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Access Type

Open Access Thesis

Document Type


Degree Program

Public Health

Degree Type

Master of Science (M.S.)

Year Degree Awarded


Month Degree Awarded



Depression and anxiety are among the most prevalent forms of mental illness in the U.S, affecting an estimated 18% of the population. Recent studies have shown that sexual minority women may undergo sexual experiences that affect their risk of anxiety and depression. However, prior studies of this association are sparse and have largely been conducted among sexual majorities and have yet to examine differences between vulnerable sexual orientation groups. Therefore, we evaluated the relationship between sexual experiences (i.e., sexual assertiveness, sexual self-efficacy, and outness) and anxiety and depression among young sexual minority women in a cross-sectional study (N=328) from the Young Sexual Minority Women’s Experiences with Sexual Violence study, 2017-2018. We used multivariable linear regression models to examine the relationship between sexual experiences and anxiety and depression while adjusting for important risk factors. Overall, findings indicate that sexual minority women who reported low sexual experiences reported more anxiety and depression. Bisexual/pansexual/fluid women had higher sexual assertiveness, sexual self-efficacy, anxiety, and depression scores and lower outness scores compared to lesbian women. Among both lesbian and bisexual/pansexual/fluid individuals, those who had higher sexual assertiveness scores also had lower anxiety scores Interventions aiming to improve mental health of sexual minority women should utilize the promotion of sexual experiences.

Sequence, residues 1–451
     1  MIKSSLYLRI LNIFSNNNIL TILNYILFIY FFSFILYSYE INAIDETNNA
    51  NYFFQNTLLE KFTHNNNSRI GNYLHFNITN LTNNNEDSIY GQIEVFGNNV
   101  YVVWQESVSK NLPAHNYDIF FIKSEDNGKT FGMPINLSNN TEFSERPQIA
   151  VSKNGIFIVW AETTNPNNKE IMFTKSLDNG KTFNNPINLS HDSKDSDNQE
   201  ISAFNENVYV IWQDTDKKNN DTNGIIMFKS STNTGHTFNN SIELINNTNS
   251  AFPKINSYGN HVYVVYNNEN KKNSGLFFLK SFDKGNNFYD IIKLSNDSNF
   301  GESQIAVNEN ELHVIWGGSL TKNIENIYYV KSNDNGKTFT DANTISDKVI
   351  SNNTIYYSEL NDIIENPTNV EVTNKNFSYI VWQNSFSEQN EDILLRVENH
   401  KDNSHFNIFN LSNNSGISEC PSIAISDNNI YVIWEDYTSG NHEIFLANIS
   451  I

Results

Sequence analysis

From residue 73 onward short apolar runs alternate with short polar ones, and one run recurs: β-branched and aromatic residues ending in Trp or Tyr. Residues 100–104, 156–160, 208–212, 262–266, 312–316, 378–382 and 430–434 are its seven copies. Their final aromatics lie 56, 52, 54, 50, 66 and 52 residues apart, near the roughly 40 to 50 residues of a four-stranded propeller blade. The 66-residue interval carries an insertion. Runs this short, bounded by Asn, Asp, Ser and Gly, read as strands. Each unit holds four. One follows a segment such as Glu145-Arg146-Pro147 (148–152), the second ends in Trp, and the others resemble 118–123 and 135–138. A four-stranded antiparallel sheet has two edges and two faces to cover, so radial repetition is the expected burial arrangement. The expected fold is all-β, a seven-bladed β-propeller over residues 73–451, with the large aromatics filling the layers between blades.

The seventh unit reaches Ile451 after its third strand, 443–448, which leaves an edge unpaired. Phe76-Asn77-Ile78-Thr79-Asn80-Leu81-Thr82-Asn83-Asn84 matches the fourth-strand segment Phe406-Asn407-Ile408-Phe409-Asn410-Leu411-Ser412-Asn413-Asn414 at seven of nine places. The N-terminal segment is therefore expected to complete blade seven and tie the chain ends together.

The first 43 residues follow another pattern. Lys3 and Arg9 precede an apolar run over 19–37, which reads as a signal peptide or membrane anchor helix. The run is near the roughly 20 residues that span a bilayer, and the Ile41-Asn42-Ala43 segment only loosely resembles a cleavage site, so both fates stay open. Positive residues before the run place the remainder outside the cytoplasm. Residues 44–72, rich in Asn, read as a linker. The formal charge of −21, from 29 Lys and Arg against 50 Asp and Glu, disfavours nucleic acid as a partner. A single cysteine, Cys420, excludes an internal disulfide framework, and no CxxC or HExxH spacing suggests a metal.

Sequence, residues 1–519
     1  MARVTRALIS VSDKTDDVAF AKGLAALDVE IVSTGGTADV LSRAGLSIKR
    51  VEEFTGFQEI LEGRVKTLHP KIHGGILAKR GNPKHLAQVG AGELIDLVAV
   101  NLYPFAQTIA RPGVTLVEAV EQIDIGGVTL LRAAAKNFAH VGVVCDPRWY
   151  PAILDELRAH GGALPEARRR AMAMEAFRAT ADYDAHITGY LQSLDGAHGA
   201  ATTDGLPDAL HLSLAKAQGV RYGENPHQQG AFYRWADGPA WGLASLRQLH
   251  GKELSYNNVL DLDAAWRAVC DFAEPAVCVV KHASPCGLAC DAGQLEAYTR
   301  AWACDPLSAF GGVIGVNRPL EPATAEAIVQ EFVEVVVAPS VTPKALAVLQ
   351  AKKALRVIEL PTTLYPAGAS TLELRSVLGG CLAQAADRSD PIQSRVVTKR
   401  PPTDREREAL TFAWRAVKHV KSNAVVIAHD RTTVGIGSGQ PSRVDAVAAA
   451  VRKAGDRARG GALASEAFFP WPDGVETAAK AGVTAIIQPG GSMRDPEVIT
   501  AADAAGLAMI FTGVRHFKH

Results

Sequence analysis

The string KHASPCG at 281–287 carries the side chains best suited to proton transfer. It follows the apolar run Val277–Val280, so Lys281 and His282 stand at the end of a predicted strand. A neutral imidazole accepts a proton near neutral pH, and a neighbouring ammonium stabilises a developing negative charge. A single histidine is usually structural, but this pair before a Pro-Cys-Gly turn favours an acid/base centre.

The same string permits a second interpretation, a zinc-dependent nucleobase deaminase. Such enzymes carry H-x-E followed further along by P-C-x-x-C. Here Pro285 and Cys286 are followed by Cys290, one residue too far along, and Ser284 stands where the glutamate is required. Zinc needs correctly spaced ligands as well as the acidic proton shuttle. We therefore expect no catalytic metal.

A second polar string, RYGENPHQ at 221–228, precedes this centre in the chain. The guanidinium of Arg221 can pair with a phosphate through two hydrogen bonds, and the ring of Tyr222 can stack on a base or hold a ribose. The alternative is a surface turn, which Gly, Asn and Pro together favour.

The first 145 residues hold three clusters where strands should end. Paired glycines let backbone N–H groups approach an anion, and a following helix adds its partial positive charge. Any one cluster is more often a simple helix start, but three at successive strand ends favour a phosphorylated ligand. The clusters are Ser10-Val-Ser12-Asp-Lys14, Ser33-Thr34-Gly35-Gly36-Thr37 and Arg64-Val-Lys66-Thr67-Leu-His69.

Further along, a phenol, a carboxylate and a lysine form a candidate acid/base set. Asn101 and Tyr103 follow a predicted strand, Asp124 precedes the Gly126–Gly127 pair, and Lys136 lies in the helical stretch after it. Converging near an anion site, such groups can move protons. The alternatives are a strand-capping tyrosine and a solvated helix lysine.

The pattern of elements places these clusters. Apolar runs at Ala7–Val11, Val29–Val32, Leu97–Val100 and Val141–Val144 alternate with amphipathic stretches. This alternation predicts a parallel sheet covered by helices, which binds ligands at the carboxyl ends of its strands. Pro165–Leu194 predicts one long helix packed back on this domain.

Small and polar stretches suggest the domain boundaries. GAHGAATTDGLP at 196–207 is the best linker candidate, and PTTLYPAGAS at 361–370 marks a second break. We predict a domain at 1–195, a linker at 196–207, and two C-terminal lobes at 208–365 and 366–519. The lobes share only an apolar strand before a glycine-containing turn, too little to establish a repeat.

First Advisor

Nicole VanKim

Second Advisor

Elizabeth Bertone-Johnson

Included in

Epidemiology Commons